Shannon Phillips, Alberta's Minister of Environment and Parks, is seen at an event in Edmonton in this 2015 photo. Credit: Government of Alberta / Creative Commons

Alberta’s environmental and parks minister Thursday expressed support for Enbridge’s contentious Line 3 pipeline by touting her province’s efforts to reduce greenhouse gases.

Shannon Phillips, speaking at an event at the University of Minnesota’s Institute on the Environment, said Line 3 – currently under review by state regulators — is a safer and more environmentally sound approach to moving oil than the alternatives.

The economies and fortunes of Alberta, where Enbridge is located, and Minnesota are intertwined in many ways, she said. All the gasoline refined and consumed in the state comes from the province’s tar sands, which has a higher carbon footprint than conventional oil.

Despite that, Phillips said, if the state’s oil supply does not come Alberta it will come from someplace else, such as Saudi Arabia, where women can’t drive, or Russia, Venezuela and other autocratic countries.

Even gas from Texas or North Dakota originates from states with far fewer environmental regulations than Alberta and much less commitment to combating global warming, she stated.

“Blocking one project doesn’t mean oil doesn’t get to the market,” she said. “The oil will not come from a place with a carbon tax, a plan for reducing methane emissions or with an emissions cap” on pollution from oil production.

Prime Minister Justin Trudeau, approved the Line 3 portion in Canada – as well as the Trans Mountain project from the tar sands to near Vancouver — in 2016 because of Alberta’s climate action plan, she said.

“He directly cited our Climate Leadership Plan because at the other end of that pipeline is an oil source that is subject to the most rigorous climate policies on the continent,” Phillips said in an interview later.

“Our oil comes from a progressive energy producer with robust environmental regulations in a place and which has pushed our own national government to do more.”

Phillips spoke to Midwest Energy News about the province’s climate leadership after the event. The transcript has been edited for length and clarity.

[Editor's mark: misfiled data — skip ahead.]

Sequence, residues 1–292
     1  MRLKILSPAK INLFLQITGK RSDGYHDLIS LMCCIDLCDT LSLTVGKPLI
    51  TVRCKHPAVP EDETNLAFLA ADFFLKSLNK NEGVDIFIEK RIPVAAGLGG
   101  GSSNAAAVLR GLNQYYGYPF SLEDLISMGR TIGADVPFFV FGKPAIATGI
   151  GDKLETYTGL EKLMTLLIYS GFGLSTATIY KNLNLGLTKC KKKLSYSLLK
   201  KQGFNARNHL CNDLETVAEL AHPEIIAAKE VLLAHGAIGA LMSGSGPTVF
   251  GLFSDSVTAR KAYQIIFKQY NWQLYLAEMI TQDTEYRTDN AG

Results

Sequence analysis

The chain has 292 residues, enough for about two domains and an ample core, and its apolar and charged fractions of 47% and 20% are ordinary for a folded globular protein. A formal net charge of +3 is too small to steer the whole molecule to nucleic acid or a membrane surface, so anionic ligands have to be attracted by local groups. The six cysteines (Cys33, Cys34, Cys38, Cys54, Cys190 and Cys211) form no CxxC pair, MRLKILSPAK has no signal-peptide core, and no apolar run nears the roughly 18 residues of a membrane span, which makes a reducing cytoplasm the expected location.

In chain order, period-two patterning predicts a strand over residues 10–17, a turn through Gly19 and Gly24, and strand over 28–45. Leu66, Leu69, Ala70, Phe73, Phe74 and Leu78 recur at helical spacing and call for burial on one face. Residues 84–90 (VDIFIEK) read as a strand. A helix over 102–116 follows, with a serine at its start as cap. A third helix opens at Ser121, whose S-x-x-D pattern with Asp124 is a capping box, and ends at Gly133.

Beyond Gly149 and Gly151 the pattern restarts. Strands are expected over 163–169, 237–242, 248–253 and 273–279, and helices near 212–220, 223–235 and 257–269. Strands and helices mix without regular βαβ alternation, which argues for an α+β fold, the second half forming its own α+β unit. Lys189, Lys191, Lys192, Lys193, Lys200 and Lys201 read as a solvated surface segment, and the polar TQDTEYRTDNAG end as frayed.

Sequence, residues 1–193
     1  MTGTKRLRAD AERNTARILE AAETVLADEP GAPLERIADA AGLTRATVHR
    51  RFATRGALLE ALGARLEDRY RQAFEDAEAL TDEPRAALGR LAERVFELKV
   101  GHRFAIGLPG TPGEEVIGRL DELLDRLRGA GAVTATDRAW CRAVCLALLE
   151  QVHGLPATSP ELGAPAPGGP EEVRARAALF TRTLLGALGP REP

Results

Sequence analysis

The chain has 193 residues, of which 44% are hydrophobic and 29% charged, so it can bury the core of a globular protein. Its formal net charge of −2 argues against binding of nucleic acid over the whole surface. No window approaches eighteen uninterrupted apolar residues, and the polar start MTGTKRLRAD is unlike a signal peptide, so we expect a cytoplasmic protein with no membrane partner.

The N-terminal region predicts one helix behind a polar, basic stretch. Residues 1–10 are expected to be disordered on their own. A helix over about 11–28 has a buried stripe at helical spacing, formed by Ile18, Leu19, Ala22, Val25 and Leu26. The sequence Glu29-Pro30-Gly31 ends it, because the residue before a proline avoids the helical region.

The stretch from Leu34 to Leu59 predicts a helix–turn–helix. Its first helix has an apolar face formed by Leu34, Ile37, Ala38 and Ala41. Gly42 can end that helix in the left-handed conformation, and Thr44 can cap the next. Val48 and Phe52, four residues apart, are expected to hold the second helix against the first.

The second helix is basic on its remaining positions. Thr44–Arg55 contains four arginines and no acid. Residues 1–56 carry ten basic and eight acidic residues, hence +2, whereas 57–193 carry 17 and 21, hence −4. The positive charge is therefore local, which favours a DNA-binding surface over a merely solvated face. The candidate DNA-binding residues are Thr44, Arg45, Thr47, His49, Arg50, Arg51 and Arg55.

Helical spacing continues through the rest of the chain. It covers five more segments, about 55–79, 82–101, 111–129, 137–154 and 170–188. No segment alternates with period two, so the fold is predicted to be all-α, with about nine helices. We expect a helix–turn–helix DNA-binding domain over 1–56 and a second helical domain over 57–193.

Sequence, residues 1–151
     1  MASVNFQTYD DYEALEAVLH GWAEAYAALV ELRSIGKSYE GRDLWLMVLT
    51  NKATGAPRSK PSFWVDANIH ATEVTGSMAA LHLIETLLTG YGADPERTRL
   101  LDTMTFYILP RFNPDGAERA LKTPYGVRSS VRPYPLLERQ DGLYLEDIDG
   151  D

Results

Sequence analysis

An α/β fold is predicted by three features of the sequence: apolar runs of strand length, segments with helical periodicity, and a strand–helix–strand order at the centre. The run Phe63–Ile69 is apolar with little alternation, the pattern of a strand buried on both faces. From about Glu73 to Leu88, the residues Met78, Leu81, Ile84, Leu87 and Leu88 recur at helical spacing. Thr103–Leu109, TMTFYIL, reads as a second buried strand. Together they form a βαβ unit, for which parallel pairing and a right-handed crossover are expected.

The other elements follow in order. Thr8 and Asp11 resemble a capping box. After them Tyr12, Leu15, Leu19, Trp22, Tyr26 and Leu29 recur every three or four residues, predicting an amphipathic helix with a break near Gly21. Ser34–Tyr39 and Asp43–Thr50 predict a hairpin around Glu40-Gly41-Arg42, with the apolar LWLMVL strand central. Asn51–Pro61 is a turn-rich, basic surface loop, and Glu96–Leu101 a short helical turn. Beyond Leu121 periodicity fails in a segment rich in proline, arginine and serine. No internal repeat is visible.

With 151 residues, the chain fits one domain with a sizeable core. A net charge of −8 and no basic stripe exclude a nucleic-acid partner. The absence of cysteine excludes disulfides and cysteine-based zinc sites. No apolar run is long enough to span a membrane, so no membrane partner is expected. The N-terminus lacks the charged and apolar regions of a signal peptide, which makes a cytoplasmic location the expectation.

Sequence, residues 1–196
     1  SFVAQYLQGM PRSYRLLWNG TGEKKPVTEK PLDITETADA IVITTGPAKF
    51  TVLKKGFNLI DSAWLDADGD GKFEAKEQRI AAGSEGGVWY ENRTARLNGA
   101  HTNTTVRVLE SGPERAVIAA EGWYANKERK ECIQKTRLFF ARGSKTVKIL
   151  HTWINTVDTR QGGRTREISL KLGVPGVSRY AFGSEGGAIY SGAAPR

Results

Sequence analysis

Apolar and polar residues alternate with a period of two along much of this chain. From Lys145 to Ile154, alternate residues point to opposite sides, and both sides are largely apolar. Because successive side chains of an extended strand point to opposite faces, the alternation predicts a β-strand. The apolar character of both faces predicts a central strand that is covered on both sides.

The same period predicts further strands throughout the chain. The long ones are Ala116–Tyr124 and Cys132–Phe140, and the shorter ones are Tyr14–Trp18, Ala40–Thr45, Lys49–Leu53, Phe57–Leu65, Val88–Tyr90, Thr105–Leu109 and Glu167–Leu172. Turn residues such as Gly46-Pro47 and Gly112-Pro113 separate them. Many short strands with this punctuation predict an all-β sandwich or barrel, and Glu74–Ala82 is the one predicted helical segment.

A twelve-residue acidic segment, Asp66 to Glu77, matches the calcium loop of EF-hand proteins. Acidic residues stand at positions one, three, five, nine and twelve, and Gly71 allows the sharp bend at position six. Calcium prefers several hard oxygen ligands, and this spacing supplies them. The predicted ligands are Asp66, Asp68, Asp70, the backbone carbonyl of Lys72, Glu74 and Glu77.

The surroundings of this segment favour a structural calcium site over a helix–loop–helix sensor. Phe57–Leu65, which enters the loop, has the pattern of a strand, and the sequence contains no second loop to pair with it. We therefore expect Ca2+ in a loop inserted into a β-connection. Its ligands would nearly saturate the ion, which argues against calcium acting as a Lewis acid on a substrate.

Midwest Energy News: Tell me about how and why your government created a climate action plan. What prompted it?

Phillips: The situation we inherited was one where environmentalists were speaking to companies about climate change in 2013 and 2014 but the missing partner at the table was the government. You had a corporate and civil society consensus about climate change and you had an unimaginative government that could not find its way to create a public policy. When we had a (political) change, we made change.

We have an urban/rural divide in the United States. As a progressive you seem very aware that ordinary Canadians fear that moving away from a fossil fuel economy will result in job loss. How can that fear be mitigated?

Most people in rural areas rely in some way, shape or form on resource extraction. For a lot of ordinary people “transition” sounds like transition to unemployment insurance, not transition to a different type if job. That’s why these things must be undertaken gently and thoughtfully. The offer to ordinary people at the end of the day is that the new economy will not replicate the social exclusions of the old, and that as the economy changes the wealth gap narrows, not widens.

What are your favorite achievements so far?

One big one was we executed complex agreements with our incumbent coal fired generators in a way that was collaborative and will phase out coal by 2030. We know we’ll be avoiding tens of millions of dollars in health care costs by closing them. The phase-in of renewables has started; the bids we received for wind power have been jaw-droppingly low. We have 5,000 megawatts in total and people who watch this are saying this will be game changing. It’s good news for the power market.

What about the carbon tax?

It has raised $3 billion so far, and $1 billion was given back in rebates (to consumers) and in small business tax cuts. Sixty percent of Albertans got a rebate. They started paying their carbon tax on Jan. 1, 2017 and they got their first rebate check Jan. 4 because we pre-paid that. You get a rebate if you’re single and earn less than $54,000 annually and if you’re a family responsible for at least one child and made less than $93,000 a year. You get a rebate based on Alberta’s average energy use.

How did it impact small businesses?

We lowered small business taxes by a third. We now have the second lowest small business taxes in the country.

And what about the macro economy?

Overall, our tax burden is $7 billion less than the second closest province. We’ve revised our economic projects upward twice and we lead the country in economic growth this year and will next year.

In what do you invest the remaining portion of the carbon tax?

We have $1.4 billion in commitments over seven years going to clean energy innovation, including a lot of money ($440 million) for improving oil sands production.

How long will carbon tax last?

Over time we know we’ll collect less carbon tax because you don’t want this revenue stream to last forever.

Frank is an independent journalist and consultant based in St. Paul and a longtime contributor to Midwest Energy News. His articles have appeared in more than 50 publications, including Minnesota Monthly, Wired, the Los Angeles Times, the Minneapolis Star Tribune, Minnesota Technology, Finance & Commerce and others. Frank has also been a Humphrey policy fellow at the University of Minnesota, a Fulbright journalism teacher in Pakistan and Albania, and a program director of the World Press Institute at Macalester College. Frank covers the state of Minnesota.